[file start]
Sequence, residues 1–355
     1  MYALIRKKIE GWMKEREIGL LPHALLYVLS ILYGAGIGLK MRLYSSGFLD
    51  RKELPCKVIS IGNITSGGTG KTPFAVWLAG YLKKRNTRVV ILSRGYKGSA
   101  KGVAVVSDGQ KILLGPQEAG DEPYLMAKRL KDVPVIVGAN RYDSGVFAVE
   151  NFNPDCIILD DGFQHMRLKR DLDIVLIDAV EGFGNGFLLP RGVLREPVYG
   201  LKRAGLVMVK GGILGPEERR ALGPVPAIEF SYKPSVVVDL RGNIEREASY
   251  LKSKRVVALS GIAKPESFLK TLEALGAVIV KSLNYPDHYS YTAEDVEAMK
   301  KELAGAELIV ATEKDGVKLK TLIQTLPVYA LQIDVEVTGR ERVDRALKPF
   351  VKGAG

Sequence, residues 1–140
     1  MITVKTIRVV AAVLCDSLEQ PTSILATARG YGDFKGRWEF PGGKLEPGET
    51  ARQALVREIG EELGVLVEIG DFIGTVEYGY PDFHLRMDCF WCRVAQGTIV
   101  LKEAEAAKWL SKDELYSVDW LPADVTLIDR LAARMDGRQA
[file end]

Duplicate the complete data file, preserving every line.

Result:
Sequence, residues 1–355
     1  MYALIRKKIE GWMKEREIGL LPHALLYVLS ILYGAGIGLK MRLYSSGFLD
    51  RKELPCKVIS IGNITSGGTG KTPFAVWLAG YLKKRNTRVV ILSRGYKGSA
   101  KGVAVVSDGQ KILLGPQEAG DEPYLMAKRL KDVPVIVGAN RYDSGVFAVE
   151  NFNPDCIILD DGFQHMRLKR DLDIVLIDAV EGFGNGFLLP RGVLREPVYG
   201  LKRAGLVMVK GGILGPEERR ALGPVPAIEF SYKPSVVVDL RGNIEREASY
   251  LKSKRVVALS GIAKPESFLK TLEALGAVIV KSLNYPDHYS YTAEDVEAMK
   301  KELAGAELIV ATEKDGVKLK TLIQTLPVYA LQIDVEVTGR ERVDRALKPF
   351  VKGAG

Sequence, residues 1–140
     1  MITVKTIRVV AAVLCDSLEQ PTSILATARG YGDFKGRWEF PGGKLEPGET
    51  ARQALVREIG EELGVLVEIG DFIGTVEYGY PDFHLRMDCF WCRVAQGTIV
   101  LKEAEAAKWL SKDELYSVDW LPADVTLIDR LAARMDGRQA